Each section of the SOP addresses a critical topic or provides a roadmap that collectively helps us work towards achieving this goal. The sections are as follows:

  • Section 3: An overview of general and specific topics that are useful to understand TBEP’s core data management tenets
  • Section 4: An explanation of how TBEP manages data and a roadmap to further developing internal and external workflows
  • Section 5: Examples describing specific projects and why/how data management practices were applied to each
  • Section 6: Parting thoughts and words of wisdom to help you continue on your open science and data management journey
  • Section 7: Definitions and resources for continued learning

The TBEP has also developed a data Quality Management Plan (QMP; Sherwood et al. 2020). This SOP and the QMP can be viewed as complementary documents, but they were developed to meet different needs. The goal of this SOP is described above. The goal of the QMP is to ensure the data used by TBEP for decision-making has known and documented quality and is being used appropriately. In other words, the QMP establishes an internal process for ensuring data quality conforms with federal or grant-reporting requirements, whereas this document is a generalized introduction and how-to approach for data management that can help us achieve QMP goals.

Identifying what this SOP is and what it is not can help set expectations for the use of this document. As noted above, the TBEP is a relatively small organization that interfaces directly or indirectly on many projects supported or managed primarily by our partners. Because of the diversity of projects relevant to our work, it would be inappropriate and impossible to describe a detailed step-by-step SOP that could apply to every project that has relevance to the TBEP’s mission. Therefore, the approaches and workflows we describe are meant to be generalized to many project types. Any specificity that is described relates to how to use tools that have broad applicability, e.g., developing a GitHub workflow or describing general characteristics of metadata that could apply to many data types. This distinguishes this SOP from others that may apply rigorous standards to one particular problem.

To summarize, this document is:

  • An explanation of the TBEP approach to data management, including our philosophy and the existing tools we have developed; and,
  • A generalized cookbook describing how to manage datasets in an open science framework, including considerations before, during, and after a project.

This document is not:

  • A definitive overview of best practices for data management – there are other resources (see section 7) that cover these topics in more detail; and,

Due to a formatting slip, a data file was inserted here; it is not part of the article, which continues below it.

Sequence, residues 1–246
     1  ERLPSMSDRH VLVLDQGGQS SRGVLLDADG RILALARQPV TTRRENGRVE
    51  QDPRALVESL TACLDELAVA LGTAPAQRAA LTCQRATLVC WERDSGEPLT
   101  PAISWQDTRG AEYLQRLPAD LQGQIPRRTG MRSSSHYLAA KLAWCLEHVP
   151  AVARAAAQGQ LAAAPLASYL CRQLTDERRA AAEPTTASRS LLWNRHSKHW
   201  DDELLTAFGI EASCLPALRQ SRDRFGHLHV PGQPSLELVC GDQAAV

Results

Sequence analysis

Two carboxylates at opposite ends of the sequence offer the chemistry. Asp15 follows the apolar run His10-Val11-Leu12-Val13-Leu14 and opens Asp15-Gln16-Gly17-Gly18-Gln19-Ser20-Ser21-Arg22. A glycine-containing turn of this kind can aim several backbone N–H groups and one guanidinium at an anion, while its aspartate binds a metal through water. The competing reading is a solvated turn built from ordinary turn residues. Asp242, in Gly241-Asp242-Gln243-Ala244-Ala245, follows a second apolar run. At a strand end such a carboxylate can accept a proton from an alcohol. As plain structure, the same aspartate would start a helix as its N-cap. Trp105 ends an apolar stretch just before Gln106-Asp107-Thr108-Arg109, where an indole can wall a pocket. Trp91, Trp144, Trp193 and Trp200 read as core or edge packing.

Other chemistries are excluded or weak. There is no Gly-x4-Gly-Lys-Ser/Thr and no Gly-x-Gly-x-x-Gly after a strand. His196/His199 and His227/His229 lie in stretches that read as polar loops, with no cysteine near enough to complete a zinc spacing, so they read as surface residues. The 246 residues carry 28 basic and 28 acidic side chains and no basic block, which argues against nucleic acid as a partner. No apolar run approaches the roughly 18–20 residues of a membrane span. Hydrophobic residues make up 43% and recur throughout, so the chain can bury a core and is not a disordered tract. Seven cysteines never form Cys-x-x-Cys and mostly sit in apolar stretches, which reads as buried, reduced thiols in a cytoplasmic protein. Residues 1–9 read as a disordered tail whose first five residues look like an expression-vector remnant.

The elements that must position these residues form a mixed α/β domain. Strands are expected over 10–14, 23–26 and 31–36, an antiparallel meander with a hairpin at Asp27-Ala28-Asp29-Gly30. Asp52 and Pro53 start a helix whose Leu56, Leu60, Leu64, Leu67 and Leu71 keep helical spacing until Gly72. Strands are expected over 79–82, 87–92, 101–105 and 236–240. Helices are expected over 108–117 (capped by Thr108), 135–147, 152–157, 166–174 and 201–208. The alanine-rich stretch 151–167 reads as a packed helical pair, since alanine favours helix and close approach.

• A comprehensive list of available online services for opening data, although we certainly lean towards specific platforms that we find useful.

Finally, the intended audience for this SOP is TBEP internal staff and our external partners. In both cases, the text is written to target technical staff, although the concepts and principles are appropriate for some tasks conducted by managers or higher administrative staff. These individuals are also in a position to foster better practices for data management by creating space and time for technical staff to adopt these new workflows. Understanding the importance of the tools is important, but sufficient space must be available for these skillsets to grow through a shared community of practice. Over time, the return on investment in staff developing these skillsets will be realized.


Carpenter, S. R., E. V. Armbrust, P. W. Arzberger, F. Stuart Chapin III, J. J. Elser, E. J. Hackett, A. R. Ives, et al. 2009. “Accelerate Synthesis in Ecology and Environmental Sciences.” BioScience 59 (8): 699–701.

Fecher, B., and S. Friesike. 2014. “Open Science: One Term, Five Schools of Thought.” In Opening Science, 17–47. Springer, Cham.

Greening, H. S., A. Janicki, E. T. Sherwood, R. Pribble, and J. O. R. Johansson. 2014. “Ecosystem responses to long-term nutrient management in an urban estuary: Tampa Bay, Florida, USA.” Estuarine, Coastal and Shelf Science 151: A1–A16.

Lortie, C. J. 2014. “Formalized Synthesis Opportunities for Ecology: Systematic Reviews and Meta-Analyses.” OIKOS 123 (8): 897–902.

Michener, W. K., J. W. Brunt, J. J. Helly, T. B. Kirchner, and S. G. Stafford. 1997. “Nongeospatial Metadata for the Ecological Sciences.” Ecological Applications 7 (1): 330–42.[0330:NMFTES]2.0.CO;2.

Mons, B. 2018. Data Stewardship for Open Science: Implementing FAIR Principles. Boca Raton, FL: CRC Press.

Sherwood, E. T., H. S. Greening, J. O. R. Johansson, K. Kaufman, and G. Raulerson. 2017. “Tampa Bay (Florida, USA): Documenting Seagrass Recovery Since the 1980s and Reviewing the Benefits.” Southeastern Geographer 57 (3): 294–319.

Sherwood, E. T., G. Raulerson, M. W. Beck, and M. Burke. 2020. “Tampa Bay Estuary Program: Quality Management Plan.” 16-20. St. Petersburg, Florida: Tampa Bay Estuary Program.